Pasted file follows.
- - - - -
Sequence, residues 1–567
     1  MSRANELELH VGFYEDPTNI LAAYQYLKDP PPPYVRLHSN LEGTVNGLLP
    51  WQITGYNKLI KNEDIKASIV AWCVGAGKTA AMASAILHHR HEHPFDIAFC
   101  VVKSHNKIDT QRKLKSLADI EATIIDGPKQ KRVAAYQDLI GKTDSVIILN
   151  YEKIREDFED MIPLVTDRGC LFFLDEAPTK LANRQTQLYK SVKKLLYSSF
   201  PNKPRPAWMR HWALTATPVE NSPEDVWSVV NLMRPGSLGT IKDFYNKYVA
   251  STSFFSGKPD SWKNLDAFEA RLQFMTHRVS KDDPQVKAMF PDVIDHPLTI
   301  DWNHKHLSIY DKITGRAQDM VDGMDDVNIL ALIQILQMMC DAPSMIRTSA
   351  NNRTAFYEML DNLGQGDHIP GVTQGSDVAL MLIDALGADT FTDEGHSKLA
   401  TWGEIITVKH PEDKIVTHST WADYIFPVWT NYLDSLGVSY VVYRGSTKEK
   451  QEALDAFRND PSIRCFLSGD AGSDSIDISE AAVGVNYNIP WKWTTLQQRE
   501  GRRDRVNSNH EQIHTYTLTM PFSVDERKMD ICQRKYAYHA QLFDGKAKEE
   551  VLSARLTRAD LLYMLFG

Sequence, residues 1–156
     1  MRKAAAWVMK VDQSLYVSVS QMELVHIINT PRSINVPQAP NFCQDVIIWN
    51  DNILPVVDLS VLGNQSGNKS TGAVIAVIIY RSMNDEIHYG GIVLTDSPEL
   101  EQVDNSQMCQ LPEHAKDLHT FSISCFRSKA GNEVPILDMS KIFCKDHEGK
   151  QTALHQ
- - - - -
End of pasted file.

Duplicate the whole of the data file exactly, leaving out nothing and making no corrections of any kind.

Sequence, residues 1–567
     1  MSRANELELH VGFYEDPTNI LAAYQYLKDP PPPYVRLHSN LEGTVNGLLP
    51  WQITGYNKLI KNEDIKASIV AWCVGAGKTA AMASAILHHR HEHPFDIAFC
   101  VVKSHNKIDT QRKLKSLADI EATIIDGPKQ KRVAAYQDLI GKTDSVIILN
   151  YEKIREDFED MIPLVTDRGC LFFLDEAPTK LANRQTQLYK SVKKLLYSSF
   201  PNKPRPAWMR HWALTATPVE NSPEDVWSVV NLMRPGSLGT IKDFYNKYVA
   251  STSFFSGKPD SWKNLDAFEA RLQFMTHRVS KDDPQVKAMF PDVIDHPLTI
   301  DWNHKHLSIY DKITGRAQDM VDGMDDVNIL ALIQILQMMC DAPSMIRTSA
   351  NNRTAFYEML DNLGQGDHIP GVTQGSDVAL MLIDALGADT FTDEGHSKLA
   401  TWGEIITVKH PEDKIVTHST WADYIFPVWT NYLDSLGVSY VVYRGSTKEK
   451  QEALDAFRND PSIRCFLSGD AGSDSIDISE AAVGVNYNIP WKWTTLQQRE
   501  GRRDRVNSNH EQIHTYTLTM PFSVDERKMD ICQRKYAYHA QLFDGKAKEE
   551  VLSARLTRAD LLYMLFG

Sequence, residues 1–156
     1  MRKAAAWVMK VDQSLYVSVS QMELVHIINT PRSINVPQAP NFCQDVIIWN
    51  DNILPVVDLS VLGNQSGNKS TGAVIAVIIY RSMNDEIHYG GIVLTDSPEL
   101  EQVDNSQMCQ LPEHAKDLHT FSISCFRSKA GNEVPILDMS KIFCKDHEGK
   151  QTALHQ